Finalist for the National Book Critics Circle Award
Finalist for the National Book Award
“Beautiful and absorbing.”—New York Times
An Unnecessary Woman is a breathtaking portrait of one reclusive woman’s late-life crisis, which garnered a wave of rave reviews and love letters to Alameddine’s cranky yet charming septuagenarian protagonist, Aaliya, a character you “can’t help but love” (NPR). Aaliya’s insightful musings on literature, philosophy, and art are invaded by memories of the Lebanese Civil War and her volatile past. As she tries to overcome her aging body and spontaneous emotional upwellings, Aaliya is faced with an unthinkable disaster that threatens to shatter the little life she has left. Here, the gifted Rabih Alameddine has given us a nuanced rendering of one woman's life in the Middle East and an enduring ode to literature and its power to define who we are.
“A paean to the transformative power of reading, to the intellectual asylum from one’s circumstances found in the life of the mind.” —LA Review of Books
“[The novel] throbs with energy…[Aaliya’s] inventive way with words gives unfailing pleasure, no matter how dark the events she describes, how painful the emotions she reveals.” —Washington Post
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About the Author
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You could say I was thinking of other things when I shampooed my hair blue, and two glasses of red wine didn't help my concentration.
Let me explain.
First, you should know this about me: I have but one mirror in my home, a smudged one at that. I'm a conscientious cleaner, you might even say compulsive — the sink is immaculately white, its bronze faucets sparkle — but I rarely remember to wipe the mirror clean. I don't think we need to consult Freud or one of his many minions to know that there's an issue here.
I begin this tale with a badly lit reflection. One of the bathroom's two bulbs has expired. I'm in the midst of the evening ritual of brushing my teeth, facing said mirror, when a halo surrounding my head snares my attention. Toothbrush in right hand still moving up and down, side to side, left hand reaches for reading glasses lying on the little table next to the toilet. Once atop my obtrusive nose they help me see that I'm neither a saint nor saintly but more like the Queen Mother — well, an image of the Queen Mother smudged by a schoolgirl's eraser. No halo this, the blue anomaly is my damp hair. A pigment battle rages atop my head, a catfight of mismatched contestants.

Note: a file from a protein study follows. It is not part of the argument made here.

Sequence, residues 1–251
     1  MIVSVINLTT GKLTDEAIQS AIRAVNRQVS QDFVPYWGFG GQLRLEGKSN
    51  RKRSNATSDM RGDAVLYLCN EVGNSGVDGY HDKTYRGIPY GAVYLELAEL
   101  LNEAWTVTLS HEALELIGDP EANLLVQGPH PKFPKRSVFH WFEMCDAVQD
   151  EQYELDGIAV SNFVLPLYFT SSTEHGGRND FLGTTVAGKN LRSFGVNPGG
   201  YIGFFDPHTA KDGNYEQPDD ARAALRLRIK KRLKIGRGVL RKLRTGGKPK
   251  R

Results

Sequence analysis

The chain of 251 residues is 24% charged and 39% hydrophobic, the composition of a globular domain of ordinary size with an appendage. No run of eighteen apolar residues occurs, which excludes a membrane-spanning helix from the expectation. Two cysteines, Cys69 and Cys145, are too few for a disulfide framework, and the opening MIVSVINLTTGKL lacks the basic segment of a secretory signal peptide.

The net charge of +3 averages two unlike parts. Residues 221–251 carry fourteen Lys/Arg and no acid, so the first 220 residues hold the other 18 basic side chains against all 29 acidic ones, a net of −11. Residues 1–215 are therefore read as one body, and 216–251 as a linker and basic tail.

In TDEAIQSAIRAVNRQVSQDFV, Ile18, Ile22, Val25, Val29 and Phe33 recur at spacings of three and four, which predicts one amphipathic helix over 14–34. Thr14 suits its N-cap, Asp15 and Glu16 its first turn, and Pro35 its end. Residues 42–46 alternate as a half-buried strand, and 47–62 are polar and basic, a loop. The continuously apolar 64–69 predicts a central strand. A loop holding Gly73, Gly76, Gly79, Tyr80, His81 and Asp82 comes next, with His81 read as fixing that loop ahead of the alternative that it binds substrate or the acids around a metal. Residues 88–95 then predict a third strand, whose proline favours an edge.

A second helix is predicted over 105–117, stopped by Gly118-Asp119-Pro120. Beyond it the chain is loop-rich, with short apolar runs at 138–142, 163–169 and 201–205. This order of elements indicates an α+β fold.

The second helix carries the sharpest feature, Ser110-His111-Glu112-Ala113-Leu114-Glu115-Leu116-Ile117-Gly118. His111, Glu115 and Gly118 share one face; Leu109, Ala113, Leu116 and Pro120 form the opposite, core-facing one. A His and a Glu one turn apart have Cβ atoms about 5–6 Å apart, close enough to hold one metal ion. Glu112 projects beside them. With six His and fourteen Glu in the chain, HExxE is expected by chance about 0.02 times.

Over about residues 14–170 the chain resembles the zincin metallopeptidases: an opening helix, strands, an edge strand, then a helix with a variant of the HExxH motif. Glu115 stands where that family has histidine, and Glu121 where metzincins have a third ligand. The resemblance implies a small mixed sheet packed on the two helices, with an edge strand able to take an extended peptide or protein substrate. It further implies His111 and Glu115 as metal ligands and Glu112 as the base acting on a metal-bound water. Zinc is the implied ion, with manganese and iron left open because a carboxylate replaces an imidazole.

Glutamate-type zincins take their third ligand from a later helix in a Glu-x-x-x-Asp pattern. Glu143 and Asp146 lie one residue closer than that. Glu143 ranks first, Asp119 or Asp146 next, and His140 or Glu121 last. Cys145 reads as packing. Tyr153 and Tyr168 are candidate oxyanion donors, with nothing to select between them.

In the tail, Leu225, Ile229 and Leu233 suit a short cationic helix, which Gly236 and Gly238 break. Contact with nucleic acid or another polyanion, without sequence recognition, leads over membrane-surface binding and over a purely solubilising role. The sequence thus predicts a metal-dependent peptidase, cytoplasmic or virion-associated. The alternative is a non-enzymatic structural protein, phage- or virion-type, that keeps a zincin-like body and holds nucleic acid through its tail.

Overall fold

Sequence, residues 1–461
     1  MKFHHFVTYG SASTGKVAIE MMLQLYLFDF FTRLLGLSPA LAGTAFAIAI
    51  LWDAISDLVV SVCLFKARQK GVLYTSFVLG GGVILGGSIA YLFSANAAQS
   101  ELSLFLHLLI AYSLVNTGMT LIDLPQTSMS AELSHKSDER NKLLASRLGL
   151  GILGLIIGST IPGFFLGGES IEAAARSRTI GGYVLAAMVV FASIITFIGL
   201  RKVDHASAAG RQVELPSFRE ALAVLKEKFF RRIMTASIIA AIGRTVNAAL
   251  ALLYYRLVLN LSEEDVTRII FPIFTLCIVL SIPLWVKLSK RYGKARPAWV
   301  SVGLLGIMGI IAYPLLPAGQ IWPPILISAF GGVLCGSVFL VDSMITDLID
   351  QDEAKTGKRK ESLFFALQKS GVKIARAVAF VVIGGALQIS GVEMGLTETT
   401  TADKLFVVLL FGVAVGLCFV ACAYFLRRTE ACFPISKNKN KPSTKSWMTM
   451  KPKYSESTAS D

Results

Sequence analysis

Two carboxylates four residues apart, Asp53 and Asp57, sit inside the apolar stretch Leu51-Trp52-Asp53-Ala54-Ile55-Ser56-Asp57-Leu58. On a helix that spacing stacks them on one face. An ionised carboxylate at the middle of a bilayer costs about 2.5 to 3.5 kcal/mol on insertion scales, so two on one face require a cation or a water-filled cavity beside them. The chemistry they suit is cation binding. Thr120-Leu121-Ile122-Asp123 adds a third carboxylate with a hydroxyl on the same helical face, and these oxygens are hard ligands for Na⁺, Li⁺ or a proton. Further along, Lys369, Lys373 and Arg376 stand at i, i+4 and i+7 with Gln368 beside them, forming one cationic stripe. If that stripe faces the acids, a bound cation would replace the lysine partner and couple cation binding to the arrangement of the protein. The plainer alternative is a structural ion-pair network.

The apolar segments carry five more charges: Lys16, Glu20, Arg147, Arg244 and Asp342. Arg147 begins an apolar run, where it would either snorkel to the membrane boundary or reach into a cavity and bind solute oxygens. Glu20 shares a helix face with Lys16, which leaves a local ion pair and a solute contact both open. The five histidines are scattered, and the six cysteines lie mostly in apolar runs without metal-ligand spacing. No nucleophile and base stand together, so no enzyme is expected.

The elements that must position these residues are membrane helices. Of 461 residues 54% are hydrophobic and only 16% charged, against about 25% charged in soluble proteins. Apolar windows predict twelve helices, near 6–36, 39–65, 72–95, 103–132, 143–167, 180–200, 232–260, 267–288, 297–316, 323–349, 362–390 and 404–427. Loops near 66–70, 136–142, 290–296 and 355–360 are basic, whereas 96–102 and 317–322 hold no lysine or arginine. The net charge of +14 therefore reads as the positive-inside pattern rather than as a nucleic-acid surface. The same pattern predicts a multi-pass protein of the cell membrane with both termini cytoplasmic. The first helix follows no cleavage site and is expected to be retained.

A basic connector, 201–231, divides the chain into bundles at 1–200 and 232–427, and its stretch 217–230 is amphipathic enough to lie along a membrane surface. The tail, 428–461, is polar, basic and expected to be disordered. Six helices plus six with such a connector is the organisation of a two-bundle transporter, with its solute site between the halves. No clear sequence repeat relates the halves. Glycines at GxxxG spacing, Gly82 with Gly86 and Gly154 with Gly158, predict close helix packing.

I touch a still-wet lock to test the permanency of the blue tint and end up leaving a sticky stain of toothpaste on it. You can correctly presume that multitasking is not my forte.
I lean over the bathtub, pick up the tube of Bel Argent shampoo I bought yesterday. I read the fine print, squinting even with the reading glasses. Yes, I used ten times the amount prescribed while washing my hair. I enjoy a good lather. Reading instructions happens not to be my forte either.
Funny. My bathroom tiles are rectangular white with interlocking light blue tulips, almost the same shade as my new dye. Luckily, the blue isn't that of the Israeli flag. Can you imagine? Talk about a brawl of mismatched contestants.
Usually vanity isn't one of my concerns, doesn't disconcert me much. However, I'd overheard the three witches discussing the unrelenting whiteness of my hair. Joumana, my upstairs neighbor, had suggested that if I used a shampoo like Bel Argent, the white would be less flat. There you have it.
As I understand it, and I might be wrong as usual, you and I tend to lose short wavelength cones as we age, so we're less able to distinguish the color blue. That's why many people of a certain age have a bluish tint to their hair. Without the tint, they see their hair as pale yellow, or possibly salmon. One hairstylist described on the radio how he finally convinced this old woman that her hair was much too blue. But his client still refused to change the color. It was much more important that she see her hair as natural than the rest of the world do so.
I'd probably get along better with the client.
I too am an old woman, but I have yet to lose many short wavelength cones. I can distinguish the color blue a bit too clearly right now.
Allow me to offer a mild defense for being distracted. At the end of the year, before I begin a new project, I read the translation I've completed. I do minor final corrections, set the pages in order, and place them in the box. This is part of the ritual, which includes imbibing two glasses of red wine. I'll also admit that the last reading allows me to pat myself on the back, to congratulate myself on completing the project. This year, I translated the superb novel Austerlitz, my second translation of W. G. Sebald. I was reading it today, and for some reason, probably the protagonist's unrequited despair, I couldn't stop thinking of Hannah, I couldn't, as if the novel, or my Arabic translation of it, was an inductor into Hannah's world.
Remembering Hannah, my one intimate, is never easy. I still see her before me at the kitchen table, her plate wiped clean of food, her right cheek resting on the palm of her hand, head tilted slightly, listening, offering that rarest of gifts: her unequivocal attention. My voice had no home until her.
During my seventy-two years, she was the one person I cared for, the one I told too much — boasts, hates, joys, cruel disappointments, all jumbled together. I no longer think of her as often as I used to, but she appears in my thoughts every now and then. The traces of Hannah on me are indelible.
Percolating remembrances, red wine, an old woman's shampoo: mix well and wind up with blue hair.
I'll wash my hair once more in the morning, with no more tears baby shampoo this time. Hopefully the blue will fade. I can just imagine what the neighbors will say now.